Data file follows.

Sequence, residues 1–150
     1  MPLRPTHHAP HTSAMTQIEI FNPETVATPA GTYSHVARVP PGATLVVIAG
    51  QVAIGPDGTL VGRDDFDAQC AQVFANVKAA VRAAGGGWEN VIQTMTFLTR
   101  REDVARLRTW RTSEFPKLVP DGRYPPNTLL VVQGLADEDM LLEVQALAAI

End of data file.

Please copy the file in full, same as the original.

Sequence, residues 1–150
     1  MPLRPTHHAP HTSAMTQIEI FNPETVATPA GTYSHVARVP PGATLVVIAG
    51  QVAIGPDGTL VGRDDFDAQC AQVFANVKAA VRAAGGGWEN VIQTMTFLTR
   101  REDVARLRTW RTSEFPKLVP DGRYPPNTLL VVQGLADEDM LLEVQALAAI